The Southern Africa node of ACEIR is based at the Southern Africa Labour and Development Research Unit (SALDRU) at the University of Cape Town. The work is aimed at measuring economic inequality in South Africa and disentangling the drivers of inequality in this country. The idea is that a better understanding of inequality dynamics in South Africa, which is based on evidence and rigorous analysis, can improve the policies designed to address extreme inequality in South Africa.

The analysis of large datasets mostly involve survey data, such as South Africa’s National Income Dynamics Study or data collected by the national statistical office, Statistics South Africa. Administrative data on education or taxes are also used. At present, the node’s work is shifting from the dominant focus on inequality measurement to also include work on the drivers of inequality and policy levers to address inequality.

The potential of the research

The research contributes to a broader project in understanding inequality in South Africa. Some of it will be published in journals or as working papers and then translated into policy briefs. It is important to understand that one piece of research seldom makes a huge impact, either to researchers’ understanding or to the world at large. What is more effective is to slowly build a substantial body of evidence, with each individual’s research generally contributing a small amount to this process. But with a number of researchers, and across a long period of time, there is tremendous potential to have an impact on how people think about inequality and how to reduce the exceptionally high rates of inequality.

Beneficiaries of the research

Beneficiaries can be thought of as circles of influence. The primary beneficiaries are the academic community that studies inequality, as this is the group best placed to read and understand the work.

Then, closely related are the students who get involved in the process, as they get training in the methods of research and exposure to the subject matter. Over time, as a body of literature emerges, it has the potential to shape both public opinion as well as policymakers’ ways of thinking.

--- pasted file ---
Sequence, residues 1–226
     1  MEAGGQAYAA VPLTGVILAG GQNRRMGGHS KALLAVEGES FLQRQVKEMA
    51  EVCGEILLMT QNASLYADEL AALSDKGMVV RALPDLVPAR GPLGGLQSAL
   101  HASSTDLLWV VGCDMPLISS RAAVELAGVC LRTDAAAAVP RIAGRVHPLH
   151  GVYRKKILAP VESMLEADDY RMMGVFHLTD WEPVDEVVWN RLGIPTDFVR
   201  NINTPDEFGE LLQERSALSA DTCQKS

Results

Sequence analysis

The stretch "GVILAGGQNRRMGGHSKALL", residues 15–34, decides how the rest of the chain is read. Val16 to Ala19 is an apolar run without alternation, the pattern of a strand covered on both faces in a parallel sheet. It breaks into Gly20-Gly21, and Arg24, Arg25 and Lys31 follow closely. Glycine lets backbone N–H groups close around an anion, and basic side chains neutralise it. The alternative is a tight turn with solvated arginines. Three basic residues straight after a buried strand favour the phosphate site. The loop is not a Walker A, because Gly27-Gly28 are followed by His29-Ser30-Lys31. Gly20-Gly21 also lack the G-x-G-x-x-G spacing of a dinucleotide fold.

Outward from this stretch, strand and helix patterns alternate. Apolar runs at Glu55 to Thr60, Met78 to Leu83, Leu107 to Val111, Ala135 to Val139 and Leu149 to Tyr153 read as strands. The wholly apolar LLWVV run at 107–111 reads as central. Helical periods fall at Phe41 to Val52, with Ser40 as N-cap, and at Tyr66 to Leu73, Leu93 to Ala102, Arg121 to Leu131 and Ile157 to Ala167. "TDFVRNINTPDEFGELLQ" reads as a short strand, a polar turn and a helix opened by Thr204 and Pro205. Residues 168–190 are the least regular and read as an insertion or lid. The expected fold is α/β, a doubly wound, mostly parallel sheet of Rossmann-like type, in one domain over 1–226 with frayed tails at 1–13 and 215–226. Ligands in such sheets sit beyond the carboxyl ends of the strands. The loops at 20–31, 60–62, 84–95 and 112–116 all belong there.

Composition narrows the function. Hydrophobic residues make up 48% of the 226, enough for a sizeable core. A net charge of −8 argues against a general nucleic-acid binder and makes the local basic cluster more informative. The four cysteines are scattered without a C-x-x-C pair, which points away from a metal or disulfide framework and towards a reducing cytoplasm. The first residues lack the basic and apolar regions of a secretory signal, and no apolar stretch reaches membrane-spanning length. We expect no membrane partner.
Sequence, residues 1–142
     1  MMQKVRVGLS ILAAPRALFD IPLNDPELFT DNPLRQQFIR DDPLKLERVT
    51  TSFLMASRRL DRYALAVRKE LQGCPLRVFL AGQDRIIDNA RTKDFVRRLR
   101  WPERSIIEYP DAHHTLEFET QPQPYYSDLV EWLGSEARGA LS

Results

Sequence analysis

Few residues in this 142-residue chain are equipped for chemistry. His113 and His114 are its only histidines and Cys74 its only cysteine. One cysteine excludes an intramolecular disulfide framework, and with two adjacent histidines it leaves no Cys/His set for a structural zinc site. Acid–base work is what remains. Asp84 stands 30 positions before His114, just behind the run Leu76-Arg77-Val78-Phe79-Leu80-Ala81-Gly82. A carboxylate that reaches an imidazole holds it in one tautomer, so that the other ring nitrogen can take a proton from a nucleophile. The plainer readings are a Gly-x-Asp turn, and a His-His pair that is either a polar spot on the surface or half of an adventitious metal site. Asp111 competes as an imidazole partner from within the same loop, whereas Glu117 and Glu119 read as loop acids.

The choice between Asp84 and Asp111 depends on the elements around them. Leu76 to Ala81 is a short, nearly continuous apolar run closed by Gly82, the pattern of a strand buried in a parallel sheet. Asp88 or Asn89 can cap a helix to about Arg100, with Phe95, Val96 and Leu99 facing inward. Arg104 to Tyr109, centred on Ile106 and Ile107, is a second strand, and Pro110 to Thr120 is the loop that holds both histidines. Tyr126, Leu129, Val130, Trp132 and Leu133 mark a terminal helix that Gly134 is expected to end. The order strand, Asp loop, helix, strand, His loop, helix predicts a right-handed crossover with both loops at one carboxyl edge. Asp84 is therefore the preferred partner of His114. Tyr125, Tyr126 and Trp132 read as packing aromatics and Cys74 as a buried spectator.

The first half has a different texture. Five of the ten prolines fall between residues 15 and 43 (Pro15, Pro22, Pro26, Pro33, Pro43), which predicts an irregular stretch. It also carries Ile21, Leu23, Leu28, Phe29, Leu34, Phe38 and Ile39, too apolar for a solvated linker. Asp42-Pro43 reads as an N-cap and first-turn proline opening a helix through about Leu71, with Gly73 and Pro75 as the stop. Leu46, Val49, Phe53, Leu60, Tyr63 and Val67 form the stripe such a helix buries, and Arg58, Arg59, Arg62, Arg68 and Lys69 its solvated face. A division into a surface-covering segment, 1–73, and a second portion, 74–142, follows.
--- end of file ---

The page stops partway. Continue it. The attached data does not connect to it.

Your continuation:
Research links to the Sustainable Development Goals (SDGs)

Inequality is a direct measure of welfare. High levels of inequality are shown to correlate with higher levels of stress, poor health, social and political instability, and economic distortions. Hence, addressing the levels of inequality in South Africa will affect many of the SDGs.

The benefits of participating in ACEIR

At the most fundamental level, a key role of the academy is to find truth. Without research, we wouldn’t know if inequality was really very high in South Africa relative to other countries, nor would we know if it was getting better or worse.

The Southern Africa node of ACEIR and its work is one part of a much larger ecosystem. Being a member of a research network such as ACEIR enables the node team to teach and learn new skills from partners and facilitates comparability of research findings across different geo-political entities. The means that the researchers are likely to progress both farther and faster in terms of addressing the challenges that inequality poses to the country.